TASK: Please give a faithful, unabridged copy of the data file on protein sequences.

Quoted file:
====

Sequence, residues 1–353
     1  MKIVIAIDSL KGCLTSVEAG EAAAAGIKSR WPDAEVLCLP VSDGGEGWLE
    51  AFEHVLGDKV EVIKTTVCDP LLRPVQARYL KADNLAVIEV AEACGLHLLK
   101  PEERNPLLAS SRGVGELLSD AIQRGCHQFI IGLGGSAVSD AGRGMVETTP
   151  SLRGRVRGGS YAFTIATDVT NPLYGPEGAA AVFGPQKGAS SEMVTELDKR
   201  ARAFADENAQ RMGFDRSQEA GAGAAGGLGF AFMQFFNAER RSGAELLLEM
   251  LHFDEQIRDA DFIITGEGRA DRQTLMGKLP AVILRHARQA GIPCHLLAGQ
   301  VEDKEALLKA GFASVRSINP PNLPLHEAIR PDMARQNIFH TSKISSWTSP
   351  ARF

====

Sequence, residues 1–353
     1  MKIVIAIDSL KGCLTSVEAG EAAAAGIKSR WPDAEVLCLP VSDGGEGWLE
    51  AFEHVLGDKV EVIKTTVCDP LLRPVQARYL KADNLAVIEV AEACGLHLLK
   101  PEERNPLLAS SRGVGELLSD AIQRGCHQFI IGLGGSAVSD AGRGMVETTP
   151  SLRGRVRGGS YAFTIATDVT NPLYGPEGAA AVFGPQKGAS SEMVTELDKR
   201  ARAFADENAQ RMGFDRSQEA GAGAAGGLGF AFMQFFNAER RSGAELLLEM
   251  LHFDEQIRDA DFIITGEGRA DRQTLMGKLP AVILRHARQA GIPCHLLAGQ
   301  VEDKEALLKA GFASVRSINP PNLPLHEAIR PDMARQNIFH TSKISSWTSP
   351  ARF